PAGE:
6. Develop a standard approach to email communication among the transaction participants. All transaction participants should have notice of the availability of new information or documents (ideally generated by the file sharing platform). Other communications by email should conform to the agreed-upon approach. Recognize that unless all transaction participants are included in all email communications, not everyone will be fully informed.

This combined approach of using email and a secure transaction platform takes advantage of the best of each element – the instantaneous and convenience aspects of email, paired with the improved security and organization of the file sharing platform.  It is also consistent with the level of attention required for different transaction functions. Coordination and notification should be quick and easy.  Transaction information and document review and negotiation warrant more careful attention – and the exercise of logging on to a secure platform (with or without two-factor authentication) should be viewed as a cautionary reminder, and not as an “inconvenience.”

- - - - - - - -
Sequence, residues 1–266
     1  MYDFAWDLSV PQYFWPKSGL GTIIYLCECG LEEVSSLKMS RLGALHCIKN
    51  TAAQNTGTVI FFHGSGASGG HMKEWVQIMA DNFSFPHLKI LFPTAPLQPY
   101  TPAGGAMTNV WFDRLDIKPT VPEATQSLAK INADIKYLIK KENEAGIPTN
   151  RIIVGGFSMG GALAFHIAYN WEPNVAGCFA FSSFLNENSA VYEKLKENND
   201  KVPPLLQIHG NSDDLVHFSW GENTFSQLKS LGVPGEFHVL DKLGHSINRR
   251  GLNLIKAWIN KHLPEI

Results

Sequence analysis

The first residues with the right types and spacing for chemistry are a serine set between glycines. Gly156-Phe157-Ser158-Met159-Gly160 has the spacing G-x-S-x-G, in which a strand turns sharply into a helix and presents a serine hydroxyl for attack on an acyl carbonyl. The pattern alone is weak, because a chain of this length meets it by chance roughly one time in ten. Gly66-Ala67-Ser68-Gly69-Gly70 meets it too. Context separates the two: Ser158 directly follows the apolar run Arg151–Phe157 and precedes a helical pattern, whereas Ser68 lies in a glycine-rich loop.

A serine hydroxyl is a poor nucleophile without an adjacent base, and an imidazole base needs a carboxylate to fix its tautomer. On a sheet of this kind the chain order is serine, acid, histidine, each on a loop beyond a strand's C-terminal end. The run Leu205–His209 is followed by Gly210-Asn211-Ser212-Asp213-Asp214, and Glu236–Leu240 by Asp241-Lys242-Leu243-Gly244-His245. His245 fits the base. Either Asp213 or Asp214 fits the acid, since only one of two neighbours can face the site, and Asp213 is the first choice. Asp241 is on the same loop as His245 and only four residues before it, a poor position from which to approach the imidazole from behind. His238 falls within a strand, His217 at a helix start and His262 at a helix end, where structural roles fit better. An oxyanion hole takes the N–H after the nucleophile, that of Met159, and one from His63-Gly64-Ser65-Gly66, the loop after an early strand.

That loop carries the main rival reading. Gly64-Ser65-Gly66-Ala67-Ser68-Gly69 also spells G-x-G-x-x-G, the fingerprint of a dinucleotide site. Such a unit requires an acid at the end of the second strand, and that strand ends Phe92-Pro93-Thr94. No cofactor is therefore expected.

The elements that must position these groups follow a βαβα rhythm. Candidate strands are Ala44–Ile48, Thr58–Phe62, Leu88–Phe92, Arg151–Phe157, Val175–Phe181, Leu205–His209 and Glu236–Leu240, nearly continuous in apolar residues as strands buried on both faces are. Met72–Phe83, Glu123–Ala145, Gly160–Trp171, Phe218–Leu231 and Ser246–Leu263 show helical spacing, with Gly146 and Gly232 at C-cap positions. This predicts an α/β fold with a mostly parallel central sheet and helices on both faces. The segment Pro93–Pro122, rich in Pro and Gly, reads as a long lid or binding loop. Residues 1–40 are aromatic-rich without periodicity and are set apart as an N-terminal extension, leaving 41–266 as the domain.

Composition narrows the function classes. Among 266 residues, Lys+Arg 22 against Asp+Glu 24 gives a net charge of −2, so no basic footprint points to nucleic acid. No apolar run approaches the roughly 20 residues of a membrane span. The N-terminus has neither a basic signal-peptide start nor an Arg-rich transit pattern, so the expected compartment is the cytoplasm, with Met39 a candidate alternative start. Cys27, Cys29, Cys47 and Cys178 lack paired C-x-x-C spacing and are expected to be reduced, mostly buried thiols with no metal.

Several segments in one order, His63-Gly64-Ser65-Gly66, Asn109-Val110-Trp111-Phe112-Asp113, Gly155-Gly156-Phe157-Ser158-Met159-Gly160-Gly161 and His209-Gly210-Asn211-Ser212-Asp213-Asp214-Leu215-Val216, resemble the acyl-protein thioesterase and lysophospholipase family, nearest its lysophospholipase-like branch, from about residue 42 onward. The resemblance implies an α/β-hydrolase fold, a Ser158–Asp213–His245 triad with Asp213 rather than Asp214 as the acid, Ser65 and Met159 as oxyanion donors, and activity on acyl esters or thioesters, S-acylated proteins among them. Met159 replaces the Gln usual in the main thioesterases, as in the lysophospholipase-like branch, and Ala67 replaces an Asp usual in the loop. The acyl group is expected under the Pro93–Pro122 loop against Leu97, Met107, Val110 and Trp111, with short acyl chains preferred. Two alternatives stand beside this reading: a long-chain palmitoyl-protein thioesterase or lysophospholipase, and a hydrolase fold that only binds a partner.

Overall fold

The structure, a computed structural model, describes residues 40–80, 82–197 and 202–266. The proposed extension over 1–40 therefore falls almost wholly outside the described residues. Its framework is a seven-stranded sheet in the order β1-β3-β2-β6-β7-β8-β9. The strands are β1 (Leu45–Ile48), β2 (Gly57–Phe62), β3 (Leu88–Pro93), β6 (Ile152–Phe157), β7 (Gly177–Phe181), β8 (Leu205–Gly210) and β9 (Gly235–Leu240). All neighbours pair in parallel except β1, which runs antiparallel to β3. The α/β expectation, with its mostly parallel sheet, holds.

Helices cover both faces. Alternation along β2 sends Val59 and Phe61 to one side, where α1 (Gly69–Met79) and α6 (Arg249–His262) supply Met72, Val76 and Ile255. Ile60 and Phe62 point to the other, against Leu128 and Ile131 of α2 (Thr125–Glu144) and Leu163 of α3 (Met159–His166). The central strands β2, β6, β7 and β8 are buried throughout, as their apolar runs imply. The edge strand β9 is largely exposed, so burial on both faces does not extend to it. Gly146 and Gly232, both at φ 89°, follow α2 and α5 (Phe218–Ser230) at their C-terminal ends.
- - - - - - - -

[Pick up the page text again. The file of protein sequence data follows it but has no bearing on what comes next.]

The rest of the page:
At Transaction Commons we are focused on overall transaction efficiency.  And we would say that convenience does not equal efficiency.  Efficiency must be evaluated at the overall transaction level.  With a platform like Transaction Commons, what might appear to be an inconvenience (logging on to access documents and information) leads to efficiency in the broader scope of the transaction process through improved organization and consistent communication among the transaction participants. With Transaction Commons, efficiency and convenience can be improved at the same time that better security is implemented – and the perceived trade-off between convenience and security disappears!